News and Events

Changes to Family Justice System Given Cautious Welcome

  • Posted

A solicitor from Andrew & Co in Lincoln and Newark is welcoming changes to the family justice system which will see children given a greater voice, but says they need to be carefully thought through.

Following calls from the Family Justice Young People’s Board, the government has committed to giving children from the age of 10 the chance to speak to a judge and make clear their views.

During a speech at a conference on Thursday (24th July), Family Justice Minister Simon Hughes said: “Children and young people must by law have their views heard before decisions are made about their future, and where decisions are made that will impact them. At the moment, it is still too often that their views are not heard.

“It seems to me wrong that a 10-year-old in England and Wales is deemed old enough to be criminally responsible yet has no automatic voice in family proceedings in which decisions are being made about them. Children and young people should be involved and be seen to be involved.”

Although children’s feelings are taken into account at the moment, they very rarely have an opportunity to speak to the judge directly.

Julie Bailey from Andrew & Co, who has worked as a specialist family law solicitor for 27 years, explained: “Currently the court appoints the Children and Family Court Advisory and Support Service (Cafcass) to talk to the children and file a report.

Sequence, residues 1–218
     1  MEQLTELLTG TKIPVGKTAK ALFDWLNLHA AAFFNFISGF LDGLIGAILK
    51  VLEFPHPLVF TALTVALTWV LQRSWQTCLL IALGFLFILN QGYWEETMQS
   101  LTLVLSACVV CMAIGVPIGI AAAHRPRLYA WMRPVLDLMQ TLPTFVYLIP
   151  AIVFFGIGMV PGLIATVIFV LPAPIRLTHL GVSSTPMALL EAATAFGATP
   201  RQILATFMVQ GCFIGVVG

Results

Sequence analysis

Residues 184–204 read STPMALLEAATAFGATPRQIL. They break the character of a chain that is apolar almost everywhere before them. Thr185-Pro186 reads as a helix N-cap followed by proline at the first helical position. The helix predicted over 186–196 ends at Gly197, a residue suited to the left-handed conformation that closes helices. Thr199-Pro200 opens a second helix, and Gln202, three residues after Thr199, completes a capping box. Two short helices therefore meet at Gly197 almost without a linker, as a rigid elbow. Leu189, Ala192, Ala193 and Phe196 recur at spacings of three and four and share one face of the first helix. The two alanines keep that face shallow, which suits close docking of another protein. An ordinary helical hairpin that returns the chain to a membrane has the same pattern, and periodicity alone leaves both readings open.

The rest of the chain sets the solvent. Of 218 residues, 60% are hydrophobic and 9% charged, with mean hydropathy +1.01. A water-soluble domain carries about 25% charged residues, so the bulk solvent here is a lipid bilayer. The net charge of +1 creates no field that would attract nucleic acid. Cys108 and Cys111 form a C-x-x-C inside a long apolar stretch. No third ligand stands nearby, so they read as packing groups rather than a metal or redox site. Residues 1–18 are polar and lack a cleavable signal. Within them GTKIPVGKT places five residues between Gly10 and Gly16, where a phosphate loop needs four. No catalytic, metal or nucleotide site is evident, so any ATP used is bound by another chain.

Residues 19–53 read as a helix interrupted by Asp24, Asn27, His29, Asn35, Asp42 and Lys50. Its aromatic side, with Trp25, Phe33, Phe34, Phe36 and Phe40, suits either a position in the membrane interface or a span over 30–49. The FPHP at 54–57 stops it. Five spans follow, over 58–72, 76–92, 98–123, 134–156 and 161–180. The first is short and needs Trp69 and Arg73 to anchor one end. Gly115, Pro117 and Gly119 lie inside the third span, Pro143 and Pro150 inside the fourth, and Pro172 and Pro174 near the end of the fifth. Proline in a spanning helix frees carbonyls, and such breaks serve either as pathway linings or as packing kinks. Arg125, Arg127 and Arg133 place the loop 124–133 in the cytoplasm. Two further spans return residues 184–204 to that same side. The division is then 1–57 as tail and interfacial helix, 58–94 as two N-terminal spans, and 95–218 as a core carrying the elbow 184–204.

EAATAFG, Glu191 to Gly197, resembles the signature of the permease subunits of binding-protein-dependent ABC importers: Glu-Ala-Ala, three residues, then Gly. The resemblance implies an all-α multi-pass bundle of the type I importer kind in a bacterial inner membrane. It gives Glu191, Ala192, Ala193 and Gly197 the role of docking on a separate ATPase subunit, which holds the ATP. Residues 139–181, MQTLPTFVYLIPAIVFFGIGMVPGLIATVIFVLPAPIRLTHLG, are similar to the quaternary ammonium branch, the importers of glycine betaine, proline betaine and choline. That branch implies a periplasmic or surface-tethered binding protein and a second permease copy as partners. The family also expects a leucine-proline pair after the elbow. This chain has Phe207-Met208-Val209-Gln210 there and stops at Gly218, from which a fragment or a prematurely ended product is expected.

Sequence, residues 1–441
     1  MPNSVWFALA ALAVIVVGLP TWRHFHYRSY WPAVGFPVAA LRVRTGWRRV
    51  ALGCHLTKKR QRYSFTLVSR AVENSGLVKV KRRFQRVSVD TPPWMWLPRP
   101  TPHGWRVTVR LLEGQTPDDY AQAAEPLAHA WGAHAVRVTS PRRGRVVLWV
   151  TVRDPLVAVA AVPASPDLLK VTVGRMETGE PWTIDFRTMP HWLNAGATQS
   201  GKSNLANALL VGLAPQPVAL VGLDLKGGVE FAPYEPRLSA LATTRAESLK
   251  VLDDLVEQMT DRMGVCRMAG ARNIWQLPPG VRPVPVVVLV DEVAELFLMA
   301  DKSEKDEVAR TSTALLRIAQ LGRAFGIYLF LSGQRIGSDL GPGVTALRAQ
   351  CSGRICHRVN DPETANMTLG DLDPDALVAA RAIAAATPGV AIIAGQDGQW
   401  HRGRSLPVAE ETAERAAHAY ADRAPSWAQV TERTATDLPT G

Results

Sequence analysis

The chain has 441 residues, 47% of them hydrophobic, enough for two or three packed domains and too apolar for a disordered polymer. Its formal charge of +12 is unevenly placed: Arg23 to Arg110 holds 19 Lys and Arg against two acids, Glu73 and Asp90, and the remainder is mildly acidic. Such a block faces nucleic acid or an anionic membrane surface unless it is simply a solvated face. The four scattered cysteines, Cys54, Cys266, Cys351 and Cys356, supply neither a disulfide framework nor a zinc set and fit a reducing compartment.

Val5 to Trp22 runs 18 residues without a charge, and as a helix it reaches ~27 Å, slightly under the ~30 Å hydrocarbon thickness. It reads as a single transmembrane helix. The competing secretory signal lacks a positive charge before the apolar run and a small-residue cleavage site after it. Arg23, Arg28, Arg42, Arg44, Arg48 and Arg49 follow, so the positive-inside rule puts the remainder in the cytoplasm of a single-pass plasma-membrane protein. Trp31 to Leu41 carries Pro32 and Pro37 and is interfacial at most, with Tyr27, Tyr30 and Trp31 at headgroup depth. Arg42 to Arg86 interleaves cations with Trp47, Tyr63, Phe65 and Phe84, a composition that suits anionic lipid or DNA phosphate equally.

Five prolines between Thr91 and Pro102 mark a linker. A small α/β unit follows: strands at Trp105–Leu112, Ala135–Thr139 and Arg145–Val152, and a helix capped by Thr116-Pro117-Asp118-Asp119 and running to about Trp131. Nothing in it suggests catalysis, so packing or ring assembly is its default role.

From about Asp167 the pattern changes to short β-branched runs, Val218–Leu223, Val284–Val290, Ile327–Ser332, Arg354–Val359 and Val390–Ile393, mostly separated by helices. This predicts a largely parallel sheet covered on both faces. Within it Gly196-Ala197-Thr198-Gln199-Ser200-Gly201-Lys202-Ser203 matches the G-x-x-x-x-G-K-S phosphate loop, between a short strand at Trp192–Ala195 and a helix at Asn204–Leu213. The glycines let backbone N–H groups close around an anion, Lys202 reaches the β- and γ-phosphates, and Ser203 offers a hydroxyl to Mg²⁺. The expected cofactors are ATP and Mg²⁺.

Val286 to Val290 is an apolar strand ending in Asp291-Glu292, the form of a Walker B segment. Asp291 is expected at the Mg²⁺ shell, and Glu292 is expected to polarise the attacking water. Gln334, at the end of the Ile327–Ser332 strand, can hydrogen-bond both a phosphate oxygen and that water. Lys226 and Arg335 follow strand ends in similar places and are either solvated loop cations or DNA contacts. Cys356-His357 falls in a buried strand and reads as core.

“However, the changes mean that for the first time children will have access to judges.

“This could be very effective as unfortunately disputes over the arrangements for children are often about the parents and not about the children. Having the child’s perspective could even stop some cases going to court in the first place.

“It could, however, also put the child in a very difficult position, especially if the parents are present. The child may not feel able to speak freely and in some cases may have been carefully coached by one of the parents.

“In addition, following the withdrawal of legal aid for almost all family cases, an increasing number of parents are representing themselves, which is slowing the legal process down and causing courtroom delays.

“So while I welcome the government’s announcement, further thought needs to be given to how this is going work in practice. It’s important that children have a say on what happens to them but at the moment I can’t see how judges are going to have the time or resources needed to make this work.

“Children’s welfare must be put first during proceedings and we need to ensure that a safe decision is being made about every child’s future.”